Mr Art Mountain, our Mathematician-in-Residence, delivers weekly sessions to our lower school pupils at MathsSci Club on Mondays at 1.45pm in M5.

Please find below a report about the latest sessions from Year 8 pupils Charlotte, James, Ayden and Christopher

**Fractals (& Dimensions)**

One of the topics we covered was fractals and dimensions. We looked at shapes that are: 0D (a point), 1D (a line), 2D (a flat shape) and 3D (a shape with length, width and depth).

We also discovered that there can also be dimensions in between these ones. Some shapes have dimensions in between two whole dimensions (between 1D and 2D) and we saw that our fractal (on the following photo) was “self-similar” – which means that a small part of the shape looks like the whole shape. Every time you removed a third of the line and joined up the space in between with 2 other lines, then each contained 4 times as many of the original line, meaning it is multiplied by more than one and adds up to dimensional. I found this idea to be **incredible** because it made me see the world in a whole new dimension!.

**Golden Ratio**

The Golden Ratio is a number, often denoted by the Greek letter *φ *(phi) and is approximately equal to 1.618…

It can be defined algebraically as the positive solution to the equation:.

The Golden Ratio a special number, found in several places including nature and artwork. It is an irrational number, meaning it cannot be expressed as the ratio of two integers.

The Golden Ratio has the property that if a line segment is divided into two parts, a and b, then the whole segment a+b is to the longer part a as a is to the shorter part b, then:

We used a constructible number (any number that can be created with a straight line and a compass).

We found that:

**Infinity and Sets**

When we were learning about infinity, we studied the mathematical idea of sets, which are groups of things (in this case, numbers). Infinity can be defined as a set whose subsets contain the same number of members as the original group.

For example, the natural numbers (a group of all numbers, shown as **ℕ**) is a set, and even numbers are a subset of that. The numbers in **ℕ **can be placed in a one-to-one correspondence with the even numbers (e.g. 1 maps to 2, 2 maps to 4, 3 maps to 6 and so on), meaning there are infinite natural numbers and even numbers.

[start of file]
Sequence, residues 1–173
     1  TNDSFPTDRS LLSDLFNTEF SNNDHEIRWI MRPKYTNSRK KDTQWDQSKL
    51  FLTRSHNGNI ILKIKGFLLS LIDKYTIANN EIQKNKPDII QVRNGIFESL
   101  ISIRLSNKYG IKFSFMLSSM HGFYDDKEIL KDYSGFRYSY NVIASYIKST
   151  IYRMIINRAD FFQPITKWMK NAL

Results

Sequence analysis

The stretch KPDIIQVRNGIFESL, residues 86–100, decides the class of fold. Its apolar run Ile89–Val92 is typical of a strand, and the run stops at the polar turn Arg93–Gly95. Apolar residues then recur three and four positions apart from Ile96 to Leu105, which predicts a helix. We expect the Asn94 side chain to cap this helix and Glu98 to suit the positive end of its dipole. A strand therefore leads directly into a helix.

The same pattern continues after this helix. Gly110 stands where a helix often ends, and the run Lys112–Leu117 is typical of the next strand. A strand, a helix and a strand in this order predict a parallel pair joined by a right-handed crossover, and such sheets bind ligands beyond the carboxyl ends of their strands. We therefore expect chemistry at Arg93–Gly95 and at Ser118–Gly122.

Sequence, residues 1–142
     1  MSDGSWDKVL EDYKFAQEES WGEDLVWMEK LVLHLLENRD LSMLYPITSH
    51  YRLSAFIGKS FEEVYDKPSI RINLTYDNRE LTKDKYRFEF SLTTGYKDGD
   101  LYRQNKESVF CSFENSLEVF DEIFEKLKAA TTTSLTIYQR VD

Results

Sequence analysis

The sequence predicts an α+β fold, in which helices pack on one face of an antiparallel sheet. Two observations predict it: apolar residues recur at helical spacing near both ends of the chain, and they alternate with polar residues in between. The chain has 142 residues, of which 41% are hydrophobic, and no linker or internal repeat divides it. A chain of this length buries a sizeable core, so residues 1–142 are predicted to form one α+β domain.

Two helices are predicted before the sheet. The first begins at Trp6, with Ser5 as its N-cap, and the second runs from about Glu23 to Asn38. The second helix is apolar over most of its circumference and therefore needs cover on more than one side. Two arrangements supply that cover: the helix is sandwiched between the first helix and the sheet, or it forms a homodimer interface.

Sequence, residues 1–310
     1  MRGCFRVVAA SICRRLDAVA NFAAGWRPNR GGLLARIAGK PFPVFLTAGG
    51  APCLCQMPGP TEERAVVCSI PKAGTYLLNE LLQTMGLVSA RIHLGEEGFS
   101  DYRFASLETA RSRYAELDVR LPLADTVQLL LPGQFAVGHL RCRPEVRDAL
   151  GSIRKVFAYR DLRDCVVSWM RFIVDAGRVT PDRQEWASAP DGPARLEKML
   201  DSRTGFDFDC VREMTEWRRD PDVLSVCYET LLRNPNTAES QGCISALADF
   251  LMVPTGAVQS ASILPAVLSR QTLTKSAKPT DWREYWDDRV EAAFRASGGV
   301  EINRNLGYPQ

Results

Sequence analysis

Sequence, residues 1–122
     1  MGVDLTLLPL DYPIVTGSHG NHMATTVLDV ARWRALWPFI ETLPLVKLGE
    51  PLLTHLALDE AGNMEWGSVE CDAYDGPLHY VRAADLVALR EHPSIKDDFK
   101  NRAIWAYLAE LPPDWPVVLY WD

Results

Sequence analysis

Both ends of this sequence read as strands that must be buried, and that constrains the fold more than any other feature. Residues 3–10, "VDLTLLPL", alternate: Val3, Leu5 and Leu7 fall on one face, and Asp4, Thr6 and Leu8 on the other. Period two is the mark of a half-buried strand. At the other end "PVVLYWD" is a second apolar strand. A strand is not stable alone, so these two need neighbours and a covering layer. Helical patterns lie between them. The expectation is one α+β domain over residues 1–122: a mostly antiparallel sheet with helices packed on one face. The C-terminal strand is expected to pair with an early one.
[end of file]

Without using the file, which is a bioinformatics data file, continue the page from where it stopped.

This also links to countable and uncountable infinity. Countable infinity means that one can count all elements so that even though the counting will take forever, you will get to any particular element in a finite amount of time. However, infinity is a theory and is not an actual number, which is why it cannot be placed in equations such as:

∞ + 2 = …

It is because ∞ is not a number.

**Infinity and Paradoxes (Zeno’s)**

Another aspect of infinity is the Paradoxes it can create. One example that we learnt about in our session is Zeno’s Paradox. The Paradox is as follows: a hare is chasing after a tortoise, but it will never reach it. This may sound confusing, but the argument is that when it arrives to the point where the tortoise was, the tortoise has moved forward. This repeats itself forever. Obviously, this cannot be true, so here is how we set about proving this using a graph and some equations…

First, we assigned values to the distance, speed, time equation, swapping time for an event, as that is how the Paradox works. Next, we filled out the values, assuming the hare is travelling at 1m/s and the tortoise at 0.5m/s.

In this case,

As you can see, at the point recurring graph goes straight upwards, when the hare outruns the tortoise. Because is , which is 1, we can say that is 2. Seeing as the hare is going at 1m/s, and originally 1m away from the tortoise, reaching 2 on the graph proves that the hare will eventually catch up with the tortoise as it is **double** the speed of the tortoise.